Nonprofit calls for accountability in building materials10.30.13
Independent standard picks up where LEED leaves off
In 2012, a federal judge awarded roughly $40 million to about 55,000 people in a class-action settlement involving the companies that made and installed FEMA-authorized temporary housing following hurricanes Katrina and Rita. The judge ruled that the victims’ health had been compromised by exposure to toxins present in the temporary shelters. The primary culprit was formaldehyde, a known human carcinogen found in everything from drywall mud to plywood to furniture. This debacle brought the issue of toxic building materials to a head – especially for the architecture and construction industry.
Today's health-conscious consumers, architects and builders are working with ever-more stringent building standards calling for greater accountability around the use of hazardous building materials. The latest LEED rating system (LEED v4) raises the bar for Materials and Resources credits. LEED v4 awards one point to projects for disclosing hazards and providing an ingredient inventory for building materials (similar to a Nutrition Facts label). It also awards one point to projects that utilize hazard-and-exposure assessment tools, such as Cradle to Cradle. The Living Building Challenge goes even further. Project teams pursuing the Materials Petal of the LBC must eliminate certain “red listed” hazardous materials from building projects altogether. The red listed materials have a known negative impact on human health and the environment. Included on that list are asbestos, cadmium, chlorofluorocarbons (CFCs), mercury, lead and other hazardous chemicals. Exceptions are commonly given to acknowledge market realities that a vast majority of products still contain hazardous materials. By demanding that manufacturers share information about their products, builders become advocates – another goal of the LBC.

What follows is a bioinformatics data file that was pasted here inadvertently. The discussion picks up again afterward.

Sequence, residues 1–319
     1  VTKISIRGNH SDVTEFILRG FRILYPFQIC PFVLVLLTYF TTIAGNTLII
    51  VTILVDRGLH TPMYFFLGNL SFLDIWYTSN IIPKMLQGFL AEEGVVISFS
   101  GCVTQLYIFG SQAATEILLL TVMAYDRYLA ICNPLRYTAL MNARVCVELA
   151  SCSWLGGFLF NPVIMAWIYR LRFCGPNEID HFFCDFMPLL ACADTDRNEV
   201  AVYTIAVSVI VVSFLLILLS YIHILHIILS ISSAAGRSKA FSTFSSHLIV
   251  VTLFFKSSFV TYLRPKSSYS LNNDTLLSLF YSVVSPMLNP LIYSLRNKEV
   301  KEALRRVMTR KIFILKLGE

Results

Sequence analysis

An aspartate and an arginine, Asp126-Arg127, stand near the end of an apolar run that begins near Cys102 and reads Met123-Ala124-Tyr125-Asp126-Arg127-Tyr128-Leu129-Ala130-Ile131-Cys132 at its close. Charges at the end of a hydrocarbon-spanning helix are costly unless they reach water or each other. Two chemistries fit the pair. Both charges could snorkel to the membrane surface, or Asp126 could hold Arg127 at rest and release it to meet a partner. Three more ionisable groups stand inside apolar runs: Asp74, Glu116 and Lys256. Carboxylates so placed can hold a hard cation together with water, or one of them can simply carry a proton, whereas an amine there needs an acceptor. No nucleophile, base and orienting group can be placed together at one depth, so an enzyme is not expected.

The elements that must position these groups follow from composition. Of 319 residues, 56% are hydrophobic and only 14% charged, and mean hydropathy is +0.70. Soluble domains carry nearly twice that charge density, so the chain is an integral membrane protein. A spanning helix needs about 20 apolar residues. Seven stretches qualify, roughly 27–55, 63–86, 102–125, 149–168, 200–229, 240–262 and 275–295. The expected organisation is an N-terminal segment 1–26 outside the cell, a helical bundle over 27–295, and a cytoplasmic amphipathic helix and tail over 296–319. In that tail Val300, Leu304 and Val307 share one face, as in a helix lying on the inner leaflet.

The unfortunate truth is that most manufacturers do not report, nor are they required to report, all of the ingredients contained in their products. Some building and other industrial products come with Material Safety Data Sheets (MSDS), which are meant to report material toxins and appropriate handling guidelines for occupational health. Unfortunately, reviews conducted by the U.S. Chemical Safety and Hazard Investigation Board detect dangerous deficiencies in MSDS. The fact is, we simply do not have access to consistent and transparent information about the chemical composition of building materials. This leaves consumers, developers and builders – including FEMA – with little confidence that the materials they are recommending are truly safe.